ERIC Number: ED136249
Record Type: RIE
Publication Date: 1977-May
A Study of Response to Literature across Three Social Interaction Patterns: A Directional Effort.
McPhail, Irving P.
This study investigated verbal behavior of five third-grade children representing three cultural groups: Afro-American, Afro-Caribbean, and white. Ten sessions involving various language arts activities were tape recorded over a five-week period; session 7 was also videotaped. Sessions 3 to 10 involved group interaction across three interaction patterns: adult-dominated, peer-dominated, and adult-balanced. Results indicated that children produced more complex speech when allowed to interact with each other, free of the dominance of an adult; that no particular type of culture was better able to deal with the language experiences than any other; that the presence of an adult in an autocratic role influenced the production of standard English constructions over black English vernacular; and that the black children were comfortable with standard English forms, although they tended to speak black English vernacular with white as well as with black children. (Author/AA)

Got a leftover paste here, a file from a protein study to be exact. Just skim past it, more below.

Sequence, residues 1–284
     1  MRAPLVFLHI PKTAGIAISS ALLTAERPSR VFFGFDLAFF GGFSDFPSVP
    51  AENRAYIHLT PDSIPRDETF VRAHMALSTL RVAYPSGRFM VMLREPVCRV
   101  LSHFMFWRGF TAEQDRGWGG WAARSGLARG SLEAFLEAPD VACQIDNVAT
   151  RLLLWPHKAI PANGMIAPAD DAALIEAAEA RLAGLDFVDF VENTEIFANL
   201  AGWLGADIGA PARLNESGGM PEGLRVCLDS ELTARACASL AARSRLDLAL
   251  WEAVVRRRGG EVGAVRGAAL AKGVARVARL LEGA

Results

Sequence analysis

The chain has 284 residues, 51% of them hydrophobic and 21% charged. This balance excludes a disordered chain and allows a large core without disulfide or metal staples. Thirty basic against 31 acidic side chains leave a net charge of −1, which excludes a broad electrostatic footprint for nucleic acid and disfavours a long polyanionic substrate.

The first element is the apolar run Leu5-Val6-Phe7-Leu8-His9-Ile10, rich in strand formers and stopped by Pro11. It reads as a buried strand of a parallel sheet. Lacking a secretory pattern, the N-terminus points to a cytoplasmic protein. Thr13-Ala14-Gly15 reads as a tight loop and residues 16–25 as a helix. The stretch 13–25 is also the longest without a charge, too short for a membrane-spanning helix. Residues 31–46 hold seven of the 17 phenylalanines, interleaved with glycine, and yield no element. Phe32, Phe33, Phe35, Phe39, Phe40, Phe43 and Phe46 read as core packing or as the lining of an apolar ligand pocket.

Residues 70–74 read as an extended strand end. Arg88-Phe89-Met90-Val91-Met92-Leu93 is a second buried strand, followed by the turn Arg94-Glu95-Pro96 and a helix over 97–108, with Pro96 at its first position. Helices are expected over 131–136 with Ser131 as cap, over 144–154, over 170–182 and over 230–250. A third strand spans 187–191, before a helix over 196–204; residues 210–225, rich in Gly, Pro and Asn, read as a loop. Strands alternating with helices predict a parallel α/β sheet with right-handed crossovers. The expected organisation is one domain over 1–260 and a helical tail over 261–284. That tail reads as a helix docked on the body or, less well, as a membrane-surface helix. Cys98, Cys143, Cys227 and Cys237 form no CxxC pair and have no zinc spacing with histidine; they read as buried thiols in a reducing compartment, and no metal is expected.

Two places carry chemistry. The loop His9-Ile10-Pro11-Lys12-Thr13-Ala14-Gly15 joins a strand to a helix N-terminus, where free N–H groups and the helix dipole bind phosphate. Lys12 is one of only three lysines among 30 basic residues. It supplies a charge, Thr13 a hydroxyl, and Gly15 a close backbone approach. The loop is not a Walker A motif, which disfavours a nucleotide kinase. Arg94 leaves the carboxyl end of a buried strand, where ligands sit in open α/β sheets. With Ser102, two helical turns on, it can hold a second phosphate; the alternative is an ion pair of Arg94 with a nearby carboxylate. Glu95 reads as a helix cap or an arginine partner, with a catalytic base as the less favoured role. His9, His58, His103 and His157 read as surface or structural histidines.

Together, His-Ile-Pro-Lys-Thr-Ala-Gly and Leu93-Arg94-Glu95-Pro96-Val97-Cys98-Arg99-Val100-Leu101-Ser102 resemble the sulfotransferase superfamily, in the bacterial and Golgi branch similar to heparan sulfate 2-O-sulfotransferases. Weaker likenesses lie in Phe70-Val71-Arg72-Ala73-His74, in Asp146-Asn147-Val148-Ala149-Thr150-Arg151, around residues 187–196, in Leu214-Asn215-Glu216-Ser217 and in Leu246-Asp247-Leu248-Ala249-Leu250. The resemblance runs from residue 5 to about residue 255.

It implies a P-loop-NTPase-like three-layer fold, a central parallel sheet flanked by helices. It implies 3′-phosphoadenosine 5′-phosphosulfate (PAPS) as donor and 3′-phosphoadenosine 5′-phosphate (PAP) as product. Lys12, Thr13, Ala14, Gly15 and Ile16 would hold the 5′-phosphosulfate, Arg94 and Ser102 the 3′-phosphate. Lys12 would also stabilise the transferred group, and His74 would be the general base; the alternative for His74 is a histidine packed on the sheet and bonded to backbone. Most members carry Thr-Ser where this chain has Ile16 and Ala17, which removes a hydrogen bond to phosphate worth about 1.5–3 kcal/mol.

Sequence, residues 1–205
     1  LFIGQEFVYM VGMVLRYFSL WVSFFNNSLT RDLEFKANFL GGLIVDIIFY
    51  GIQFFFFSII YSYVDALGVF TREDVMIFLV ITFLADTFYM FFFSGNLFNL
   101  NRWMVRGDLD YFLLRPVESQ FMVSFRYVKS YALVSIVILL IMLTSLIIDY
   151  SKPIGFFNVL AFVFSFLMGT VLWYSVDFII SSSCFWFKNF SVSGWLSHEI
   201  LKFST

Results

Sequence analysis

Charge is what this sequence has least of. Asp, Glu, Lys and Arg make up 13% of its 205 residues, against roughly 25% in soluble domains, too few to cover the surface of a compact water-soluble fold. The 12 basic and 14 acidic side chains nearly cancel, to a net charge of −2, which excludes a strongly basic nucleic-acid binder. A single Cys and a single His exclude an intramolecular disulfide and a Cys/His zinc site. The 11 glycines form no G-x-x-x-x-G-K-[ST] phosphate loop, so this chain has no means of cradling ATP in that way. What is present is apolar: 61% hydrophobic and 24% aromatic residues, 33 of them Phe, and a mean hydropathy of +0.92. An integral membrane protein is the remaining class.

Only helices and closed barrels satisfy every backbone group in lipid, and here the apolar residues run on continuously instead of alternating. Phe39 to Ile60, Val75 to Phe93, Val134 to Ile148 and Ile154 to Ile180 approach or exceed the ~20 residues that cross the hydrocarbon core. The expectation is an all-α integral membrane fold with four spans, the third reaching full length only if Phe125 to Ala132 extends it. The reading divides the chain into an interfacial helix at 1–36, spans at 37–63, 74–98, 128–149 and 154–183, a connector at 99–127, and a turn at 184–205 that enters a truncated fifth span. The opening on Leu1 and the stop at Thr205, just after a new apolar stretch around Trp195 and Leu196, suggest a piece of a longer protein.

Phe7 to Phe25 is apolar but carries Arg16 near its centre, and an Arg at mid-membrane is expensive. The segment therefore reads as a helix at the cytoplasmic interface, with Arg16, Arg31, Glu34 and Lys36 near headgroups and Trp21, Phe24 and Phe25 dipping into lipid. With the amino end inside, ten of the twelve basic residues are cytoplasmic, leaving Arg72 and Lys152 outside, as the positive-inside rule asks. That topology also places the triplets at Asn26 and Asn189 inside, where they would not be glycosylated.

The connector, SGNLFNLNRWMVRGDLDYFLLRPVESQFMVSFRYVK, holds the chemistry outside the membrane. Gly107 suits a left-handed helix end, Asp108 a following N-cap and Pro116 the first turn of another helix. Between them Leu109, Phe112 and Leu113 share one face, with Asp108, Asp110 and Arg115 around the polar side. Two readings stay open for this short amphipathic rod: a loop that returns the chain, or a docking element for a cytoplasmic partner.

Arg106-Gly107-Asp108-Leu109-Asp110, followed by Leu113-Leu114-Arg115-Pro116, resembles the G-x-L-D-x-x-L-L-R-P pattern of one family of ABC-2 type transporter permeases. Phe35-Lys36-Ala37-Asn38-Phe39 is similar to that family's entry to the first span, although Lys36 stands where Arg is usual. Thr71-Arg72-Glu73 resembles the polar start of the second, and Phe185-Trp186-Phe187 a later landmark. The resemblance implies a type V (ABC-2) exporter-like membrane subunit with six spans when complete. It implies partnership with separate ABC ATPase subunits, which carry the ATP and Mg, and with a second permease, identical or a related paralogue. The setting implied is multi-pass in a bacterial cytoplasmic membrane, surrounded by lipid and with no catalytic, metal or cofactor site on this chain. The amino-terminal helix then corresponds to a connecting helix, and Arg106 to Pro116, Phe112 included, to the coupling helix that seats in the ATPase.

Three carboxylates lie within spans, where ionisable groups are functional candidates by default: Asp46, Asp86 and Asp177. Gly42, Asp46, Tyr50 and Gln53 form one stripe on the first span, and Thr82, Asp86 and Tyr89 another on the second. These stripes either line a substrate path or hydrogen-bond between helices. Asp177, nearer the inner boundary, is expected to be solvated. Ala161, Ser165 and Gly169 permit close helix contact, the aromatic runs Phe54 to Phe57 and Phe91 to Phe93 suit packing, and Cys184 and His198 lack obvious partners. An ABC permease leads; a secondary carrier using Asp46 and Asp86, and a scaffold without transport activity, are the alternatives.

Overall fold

Publication Type: Speeches/Meeting Papers
Education Level: N/A
Authoring Institution: N/A
Note: Paper presented at the Annual Meeting of the International Reading Association (22nd, Miami Beach, Florida, May 2-6, 1977)